Over the last century significant changes in Guyana’s climate were observed. Guyana’s Initial National Communication (INC) in Response to its Commitments to the UNFCCC (2002), provides an analysis of these changes which are described below. The Second National Communication is currently being developed.
- Records suggest an increase by 1.0°C in the mean annual temperature in Georgetown within the last century (1909-1998).
- Prior to 1960, annual rainfall amounts were generally above or about the long term average. However, from 1960 and onwards, there has been a tendency for below average
- Tide gauge data in Guyana for the period 1951 to 1979 indicated a mean relative sea level rise of 10.2 mm per year. This is more than five times the global average over a similar
Guyana is highly vulnerable to the effects of climate change for many reasons.
Approximately 90% of the country’s population resides on the Coastal Plain which lies approximately 0.5 to 1 metre below mean sea level (see map showing areas below sea level)
The coast is also relatively flat, which favours rapid accumulation of rainfall runoff, and which makes natural drainage into the ocean very difficult. This situation presents severe challenges to the drainage and irrigation system. Over the years, high levels of flooding were observed in the country especially along the coast and in some inland areas. Climate change is likely to increase the frequency and intensity of flooding events.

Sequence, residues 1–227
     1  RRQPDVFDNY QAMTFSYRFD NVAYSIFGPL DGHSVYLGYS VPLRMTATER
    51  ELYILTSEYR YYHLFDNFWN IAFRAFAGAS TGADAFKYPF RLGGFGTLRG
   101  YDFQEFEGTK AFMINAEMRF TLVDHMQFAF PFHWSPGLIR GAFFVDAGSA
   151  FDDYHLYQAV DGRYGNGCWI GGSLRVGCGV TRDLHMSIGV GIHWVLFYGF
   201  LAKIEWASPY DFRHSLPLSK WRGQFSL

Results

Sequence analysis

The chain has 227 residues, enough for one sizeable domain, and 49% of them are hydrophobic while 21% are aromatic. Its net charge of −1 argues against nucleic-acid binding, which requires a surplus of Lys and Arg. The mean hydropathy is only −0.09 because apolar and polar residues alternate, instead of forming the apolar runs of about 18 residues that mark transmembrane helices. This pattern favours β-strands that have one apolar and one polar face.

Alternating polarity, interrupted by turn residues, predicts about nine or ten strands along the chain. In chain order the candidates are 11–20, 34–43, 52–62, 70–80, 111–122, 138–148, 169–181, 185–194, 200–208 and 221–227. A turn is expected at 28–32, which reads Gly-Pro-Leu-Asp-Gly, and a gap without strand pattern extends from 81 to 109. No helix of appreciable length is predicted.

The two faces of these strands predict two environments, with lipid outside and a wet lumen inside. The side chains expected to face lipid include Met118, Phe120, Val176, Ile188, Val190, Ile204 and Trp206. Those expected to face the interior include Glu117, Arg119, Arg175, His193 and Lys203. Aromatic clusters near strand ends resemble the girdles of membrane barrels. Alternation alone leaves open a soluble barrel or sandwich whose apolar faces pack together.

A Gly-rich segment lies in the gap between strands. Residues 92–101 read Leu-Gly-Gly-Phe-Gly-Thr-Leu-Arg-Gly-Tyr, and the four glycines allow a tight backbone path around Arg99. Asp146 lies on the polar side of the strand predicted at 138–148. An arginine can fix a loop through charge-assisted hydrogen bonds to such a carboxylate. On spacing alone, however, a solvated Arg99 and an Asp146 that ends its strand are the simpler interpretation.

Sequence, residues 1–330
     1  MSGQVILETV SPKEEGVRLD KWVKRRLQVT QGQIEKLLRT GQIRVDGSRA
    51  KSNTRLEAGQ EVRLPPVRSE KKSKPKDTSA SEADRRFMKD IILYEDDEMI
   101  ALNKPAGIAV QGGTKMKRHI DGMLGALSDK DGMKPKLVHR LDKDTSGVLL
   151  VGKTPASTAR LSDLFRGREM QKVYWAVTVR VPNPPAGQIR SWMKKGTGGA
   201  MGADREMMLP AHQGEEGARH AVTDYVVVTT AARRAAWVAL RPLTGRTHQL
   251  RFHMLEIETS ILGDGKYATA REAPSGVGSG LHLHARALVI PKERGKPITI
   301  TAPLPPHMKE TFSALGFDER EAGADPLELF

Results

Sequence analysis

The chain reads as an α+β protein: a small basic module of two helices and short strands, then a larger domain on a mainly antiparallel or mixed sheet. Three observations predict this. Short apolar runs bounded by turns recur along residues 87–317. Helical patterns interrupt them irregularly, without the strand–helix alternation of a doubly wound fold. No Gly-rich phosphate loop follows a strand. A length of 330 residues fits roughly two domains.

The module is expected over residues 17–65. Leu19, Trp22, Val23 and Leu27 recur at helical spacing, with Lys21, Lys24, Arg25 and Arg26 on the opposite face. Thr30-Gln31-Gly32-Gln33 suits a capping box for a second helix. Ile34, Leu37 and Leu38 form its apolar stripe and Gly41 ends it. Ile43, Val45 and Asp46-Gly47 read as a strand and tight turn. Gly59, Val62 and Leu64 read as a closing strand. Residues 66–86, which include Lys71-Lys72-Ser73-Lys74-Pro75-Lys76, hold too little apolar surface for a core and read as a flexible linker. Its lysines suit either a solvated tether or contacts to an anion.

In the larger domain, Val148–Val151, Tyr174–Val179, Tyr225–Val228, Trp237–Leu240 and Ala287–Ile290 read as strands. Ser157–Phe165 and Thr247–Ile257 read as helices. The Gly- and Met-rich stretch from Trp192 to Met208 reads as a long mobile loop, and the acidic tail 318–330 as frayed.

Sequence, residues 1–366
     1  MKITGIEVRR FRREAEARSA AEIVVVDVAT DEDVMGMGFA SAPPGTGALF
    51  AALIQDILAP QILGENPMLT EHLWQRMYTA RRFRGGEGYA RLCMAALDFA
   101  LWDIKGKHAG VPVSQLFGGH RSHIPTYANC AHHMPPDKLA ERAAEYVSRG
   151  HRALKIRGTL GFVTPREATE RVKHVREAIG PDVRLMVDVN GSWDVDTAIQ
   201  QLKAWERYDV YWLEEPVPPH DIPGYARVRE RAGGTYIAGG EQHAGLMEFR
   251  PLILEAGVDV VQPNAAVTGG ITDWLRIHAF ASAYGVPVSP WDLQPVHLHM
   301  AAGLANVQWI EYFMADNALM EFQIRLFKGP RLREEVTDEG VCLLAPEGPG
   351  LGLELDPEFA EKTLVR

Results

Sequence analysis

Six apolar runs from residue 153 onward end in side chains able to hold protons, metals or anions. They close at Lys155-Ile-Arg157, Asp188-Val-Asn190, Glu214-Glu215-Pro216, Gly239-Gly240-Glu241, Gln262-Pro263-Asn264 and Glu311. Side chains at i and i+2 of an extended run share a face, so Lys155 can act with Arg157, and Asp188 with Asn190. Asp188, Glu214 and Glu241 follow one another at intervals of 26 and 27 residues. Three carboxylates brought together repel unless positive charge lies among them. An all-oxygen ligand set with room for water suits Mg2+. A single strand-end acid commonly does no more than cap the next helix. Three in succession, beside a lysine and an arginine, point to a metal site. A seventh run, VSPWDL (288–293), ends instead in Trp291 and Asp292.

Approximately 75% of the country’s economic activities are located on the coastal area, where the major economic activities, such as agriculture, fisheries and industries are found. These sectors are extremely sensitive to extreme weather events and sea-level rise and are therefore highly vulnerable to changes in climate.
The country has already suffered greatly over the last decade from weather related disasters.
In December 2004 and January 2005, an unusual weather system produced heavy rains which led to major flooding resulting in severe physical damage and economic loss to the country, leading to the worst flooding event ever recorded in Guyana’s history (ECLAC/UNDP, 2005).
The 2005 flood was concentrated in the most heavily populated regions of the country, resulting in some 274,774 persons or 37% of the national population being severely affected by the flood waters. The flooding event claimed the lives of 34 persons. The magnitude of the damage caused by the floods was estimated to be equivalent to G$92.2 billion, or 59% of current GDP for the year 2004. Studies indicate that the rains were not associated with the usual weather systems affecting Guyana.
It is clear that climate change will pose a major challenge to developing countries like Guyana.